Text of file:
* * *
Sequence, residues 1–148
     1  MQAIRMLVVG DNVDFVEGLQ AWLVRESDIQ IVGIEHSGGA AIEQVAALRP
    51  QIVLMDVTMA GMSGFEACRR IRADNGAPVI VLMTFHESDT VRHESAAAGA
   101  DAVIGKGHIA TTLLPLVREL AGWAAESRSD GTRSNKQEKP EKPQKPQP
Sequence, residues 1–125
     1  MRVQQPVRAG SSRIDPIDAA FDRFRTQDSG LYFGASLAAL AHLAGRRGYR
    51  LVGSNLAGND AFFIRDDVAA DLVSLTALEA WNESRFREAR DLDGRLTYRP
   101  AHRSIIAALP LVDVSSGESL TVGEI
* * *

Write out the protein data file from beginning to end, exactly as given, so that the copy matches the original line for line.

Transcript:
Sequence, residues 1–148
     1  MQAIRMLVVG DNVDFVEGLQ AWLVRESDIQ IVGIEHSGGA AIEQVAALRP
    51  QIVLMDVTMA GMSGFEACRR IRADNGAPVI VLMTFHESDT VRHESAAAGA
   101  DAVIGKGHIA TTLLPLVREL AGWAAESRSD GTRSNKQEKP EKPQKPQP
Sequence, residues 1–125
     1  MRVQQPVRAG SSRIDPIDAA FDRFRTQDSG LYFGASLAAL AHLAGRRGYR
    51  LVGSNLAGND AFFIRDDVAA DLVSLTALEA WNESRFREAR DLDGRLTYRP
   101  AHRSIIAALP LVDVSSGESL TVGEI